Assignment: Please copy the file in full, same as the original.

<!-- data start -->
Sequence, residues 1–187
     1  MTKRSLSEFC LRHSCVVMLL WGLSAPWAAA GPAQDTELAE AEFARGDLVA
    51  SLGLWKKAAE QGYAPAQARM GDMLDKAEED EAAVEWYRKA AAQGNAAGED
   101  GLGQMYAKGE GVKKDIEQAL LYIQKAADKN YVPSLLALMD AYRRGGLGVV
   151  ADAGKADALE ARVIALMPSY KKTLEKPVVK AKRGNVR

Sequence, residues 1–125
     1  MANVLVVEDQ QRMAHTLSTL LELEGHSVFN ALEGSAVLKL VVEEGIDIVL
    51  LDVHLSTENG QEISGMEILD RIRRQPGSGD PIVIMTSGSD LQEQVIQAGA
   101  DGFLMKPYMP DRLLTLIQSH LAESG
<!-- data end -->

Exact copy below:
Sequence, residues 1–187
     1  MTKRSLSEFC LRHSCVVMLL WGLSAPWAAA GPAQDTELAE AEFARGDLVA
    51  SLGLWKKAAE QGYAPAQARM GDMLDKAEED EAAVEWYRKA AAQGNAAGED
   101  GLGQMYAKGE GVKKDIEQAL LYIQKAADKN YVPSLLALMD AYRRGGLGVV
   151  ADAGKADALE ARVIALMPSY KKTLEKPVVK AKRGNVR

Sequence, residues 1–125
     1  MANVLVVEDQ QRMAHTLSTL LELEGHSVFN ALEGSAVLKL VVEEGIDIVL
    51  LDVHLSTENG QEISGMEILD RIRRQPGSGD PIVIMTSGSD LQEQVIQAGA
   101  DGFLMKPYMP DRLLTLIQSH LAESG